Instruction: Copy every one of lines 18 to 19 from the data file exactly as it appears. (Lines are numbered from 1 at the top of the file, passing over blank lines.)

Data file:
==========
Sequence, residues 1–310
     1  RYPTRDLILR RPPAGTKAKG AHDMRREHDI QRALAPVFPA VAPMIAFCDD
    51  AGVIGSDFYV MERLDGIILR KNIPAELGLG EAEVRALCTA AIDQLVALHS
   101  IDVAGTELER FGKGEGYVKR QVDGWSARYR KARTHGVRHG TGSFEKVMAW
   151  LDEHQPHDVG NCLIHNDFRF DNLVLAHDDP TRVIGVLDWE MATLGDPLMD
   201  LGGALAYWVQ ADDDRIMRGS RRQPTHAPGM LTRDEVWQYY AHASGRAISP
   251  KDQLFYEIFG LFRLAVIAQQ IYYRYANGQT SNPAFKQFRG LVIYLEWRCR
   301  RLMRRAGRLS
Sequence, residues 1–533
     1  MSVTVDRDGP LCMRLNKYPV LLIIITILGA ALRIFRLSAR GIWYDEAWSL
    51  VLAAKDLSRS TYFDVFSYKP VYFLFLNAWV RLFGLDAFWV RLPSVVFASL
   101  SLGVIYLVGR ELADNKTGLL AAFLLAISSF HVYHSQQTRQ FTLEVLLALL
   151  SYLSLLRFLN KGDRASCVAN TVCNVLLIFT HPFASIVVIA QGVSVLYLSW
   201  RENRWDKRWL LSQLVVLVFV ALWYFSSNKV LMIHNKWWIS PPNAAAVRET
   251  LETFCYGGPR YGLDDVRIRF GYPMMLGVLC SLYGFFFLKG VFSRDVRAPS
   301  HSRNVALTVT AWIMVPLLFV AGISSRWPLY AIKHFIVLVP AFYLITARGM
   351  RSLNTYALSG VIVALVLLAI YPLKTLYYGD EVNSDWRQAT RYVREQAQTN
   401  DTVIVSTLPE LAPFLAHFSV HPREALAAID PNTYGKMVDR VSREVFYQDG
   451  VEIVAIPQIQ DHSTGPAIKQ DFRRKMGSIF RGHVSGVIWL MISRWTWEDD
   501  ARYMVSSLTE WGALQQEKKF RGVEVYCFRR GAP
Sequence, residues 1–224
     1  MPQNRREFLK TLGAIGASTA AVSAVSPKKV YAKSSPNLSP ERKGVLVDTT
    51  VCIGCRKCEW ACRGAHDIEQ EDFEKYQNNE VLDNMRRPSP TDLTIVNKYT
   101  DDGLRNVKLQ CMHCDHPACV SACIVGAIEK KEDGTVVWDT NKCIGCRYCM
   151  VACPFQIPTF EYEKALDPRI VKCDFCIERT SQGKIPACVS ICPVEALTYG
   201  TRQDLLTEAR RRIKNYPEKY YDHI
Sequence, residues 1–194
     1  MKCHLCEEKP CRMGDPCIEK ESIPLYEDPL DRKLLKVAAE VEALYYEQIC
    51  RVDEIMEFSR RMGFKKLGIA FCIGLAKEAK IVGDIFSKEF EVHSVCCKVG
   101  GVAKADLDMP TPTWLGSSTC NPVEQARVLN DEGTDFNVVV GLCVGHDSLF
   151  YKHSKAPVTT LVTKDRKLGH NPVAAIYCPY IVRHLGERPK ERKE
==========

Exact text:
   401  DTVIVSTLPE LAPFLAHFSV HPREALAAID PNTYGKMVDR VSREVFYQDG
   451  VEIVAIPQIQ DHSTGPAIKQ DFRRKMGSIF RGHVSGVIWL MISRWTWEDD